And then when the eclipse started happening, the sound of the cicada faded away and the sound of the cricket faded away, and then it was the other way around, and that blew my mind. I wasn't expecting that. I have only seen a total solar eclipse once in my life. And it was amazing in the literal meaning of the term awe, frightening, like terrifying, like terrifying. Because of the immensities of the astronomical bodies involved. I felt so small. And that morning when I woke up,

know

ing that this was going to happen in a matter of hours, I was very scared.
it s coming april 8 2024 total solar eclipse here s what you need to know  smarter every day 295
I don't know exactly why, but I think it had something to do with knowing that it was such a big event that involved such big things that were so vital to our lives and also that I couldn't stop it. It was inevitable that this would happen. I couldn't press a pause button and make it wait until it was ready. I loved.

2024

. This is your best chance, if you live in the United States or northern Mexico, to see a total solar eclipse. And I don't want you to miss it because I love you and I want you to love eclipses.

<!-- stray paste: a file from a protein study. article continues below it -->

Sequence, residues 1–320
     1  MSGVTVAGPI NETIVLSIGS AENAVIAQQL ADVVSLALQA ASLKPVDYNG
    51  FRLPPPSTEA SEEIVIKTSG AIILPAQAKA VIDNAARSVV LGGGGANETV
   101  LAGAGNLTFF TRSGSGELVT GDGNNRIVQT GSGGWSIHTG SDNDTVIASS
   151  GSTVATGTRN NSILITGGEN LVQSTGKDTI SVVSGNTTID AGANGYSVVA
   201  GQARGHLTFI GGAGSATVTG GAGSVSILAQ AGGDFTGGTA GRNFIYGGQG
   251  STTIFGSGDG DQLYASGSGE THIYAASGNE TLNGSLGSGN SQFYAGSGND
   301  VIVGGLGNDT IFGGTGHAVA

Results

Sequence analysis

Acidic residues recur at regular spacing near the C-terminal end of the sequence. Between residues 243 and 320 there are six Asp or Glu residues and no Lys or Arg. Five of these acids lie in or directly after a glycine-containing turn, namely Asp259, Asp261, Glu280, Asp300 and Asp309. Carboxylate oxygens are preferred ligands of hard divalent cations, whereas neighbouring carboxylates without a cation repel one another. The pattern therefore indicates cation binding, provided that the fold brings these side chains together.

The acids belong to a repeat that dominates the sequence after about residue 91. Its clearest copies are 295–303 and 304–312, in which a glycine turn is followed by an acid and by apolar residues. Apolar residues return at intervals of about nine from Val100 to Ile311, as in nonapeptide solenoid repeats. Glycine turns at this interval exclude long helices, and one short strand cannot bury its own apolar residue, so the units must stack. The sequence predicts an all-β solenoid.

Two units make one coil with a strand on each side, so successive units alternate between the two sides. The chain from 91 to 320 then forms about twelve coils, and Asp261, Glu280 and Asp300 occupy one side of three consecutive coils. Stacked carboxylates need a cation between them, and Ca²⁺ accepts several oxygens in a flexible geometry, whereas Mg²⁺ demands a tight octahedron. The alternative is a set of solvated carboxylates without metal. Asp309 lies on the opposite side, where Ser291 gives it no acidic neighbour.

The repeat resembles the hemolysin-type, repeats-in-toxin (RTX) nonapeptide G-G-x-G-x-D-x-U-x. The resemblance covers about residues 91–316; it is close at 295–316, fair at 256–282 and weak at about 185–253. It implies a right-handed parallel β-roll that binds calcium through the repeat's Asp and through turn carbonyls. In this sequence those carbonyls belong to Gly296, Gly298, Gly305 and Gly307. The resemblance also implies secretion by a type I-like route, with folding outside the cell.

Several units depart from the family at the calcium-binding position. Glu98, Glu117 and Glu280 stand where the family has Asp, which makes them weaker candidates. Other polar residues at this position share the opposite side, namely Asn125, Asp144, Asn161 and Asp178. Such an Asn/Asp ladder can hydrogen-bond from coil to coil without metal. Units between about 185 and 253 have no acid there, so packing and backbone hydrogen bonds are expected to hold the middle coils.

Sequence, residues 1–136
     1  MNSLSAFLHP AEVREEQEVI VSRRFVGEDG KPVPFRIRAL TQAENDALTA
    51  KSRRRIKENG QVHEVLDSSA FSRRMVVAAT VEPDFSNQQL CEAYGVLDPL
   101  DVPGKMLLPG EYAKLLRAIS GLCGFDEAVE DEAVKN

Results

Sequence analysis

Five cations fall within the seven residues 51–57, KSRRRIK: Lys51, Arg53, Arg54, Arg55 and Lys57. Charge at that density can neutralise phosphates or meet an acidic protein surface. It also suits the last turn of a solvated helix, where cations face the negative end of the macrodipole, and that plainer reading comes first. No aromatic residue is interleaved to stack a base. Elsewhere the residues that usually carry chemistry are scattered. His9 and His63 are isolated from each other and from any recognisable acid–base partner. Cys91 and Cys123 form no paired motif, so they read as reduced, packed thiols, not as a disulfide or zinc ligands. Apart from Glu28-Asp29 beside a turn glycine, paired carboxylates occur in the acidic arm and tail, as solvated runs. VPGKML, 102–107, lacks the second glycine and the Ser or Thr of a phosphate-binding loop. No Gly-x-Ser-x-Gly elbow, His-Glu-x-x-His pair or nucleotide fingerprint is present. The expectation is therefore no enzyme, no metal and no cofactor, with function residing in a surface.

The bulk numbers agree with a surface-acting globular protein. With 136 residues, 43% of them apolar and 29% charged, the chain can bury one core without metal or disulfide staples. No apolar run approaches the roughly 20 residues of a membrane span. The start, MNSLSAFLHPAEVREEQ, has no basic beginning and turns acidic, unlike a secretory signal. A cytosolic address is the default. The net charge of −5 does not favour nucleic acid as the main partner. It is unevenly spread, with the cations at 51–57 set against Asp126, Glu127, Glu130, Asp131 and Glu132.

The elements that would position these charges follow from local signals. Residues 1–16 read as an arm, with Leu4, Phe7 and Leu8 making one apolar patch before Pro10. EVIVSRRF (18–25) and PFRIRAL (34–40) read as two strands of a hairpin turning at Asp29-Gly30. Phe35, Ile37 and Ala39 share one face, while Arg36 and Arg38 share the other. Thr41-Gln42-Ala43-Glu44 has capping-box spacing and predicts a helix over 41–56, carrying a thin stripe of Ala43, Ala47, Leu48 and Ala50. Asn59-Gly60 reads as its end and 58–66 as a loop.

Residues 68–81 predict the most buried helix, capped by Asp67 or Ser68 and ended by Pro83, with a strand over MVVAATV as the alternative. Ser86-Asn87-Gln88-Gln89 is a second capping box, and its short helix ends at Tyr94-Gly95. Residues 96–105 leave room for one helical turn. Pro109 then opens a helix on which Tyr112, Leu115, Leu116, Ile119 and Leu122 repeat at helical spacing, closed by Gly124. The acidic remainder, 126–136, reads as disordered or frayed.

That's where I am. The current moment is called totality. This is when the disk of the moon obscures or occludes the disk of the sun. And at that moment all kinds of things happen. And that's the only time you can see it. You can see the mountains of the moon along the perimeter of the sun because you can see the jagged edges. That's called bailey beads. You can see

what

is called a diamond ring, the ejecta around the sun. You can see the crown. Is awesome. And you can only see it if you are there, in the path of totality.
You have to physically be on this strip of land that runs across the entire country. If you are 5 miles outside of that land, it doesn't work. The math doesn't work for you to see the total solar eclipse. We were just out of the path of totality and I set up cameras all over the farm to see how my animals would react to the solar eclipse. And they stayed there. It got dark, it got cold, it got light, it got warm again and they continued eating. What a disappointment. So if it's possible financially or with work, if you can take this trip with someone you love, go to the path of totality and watch this total solar eclipse, because it's amazing.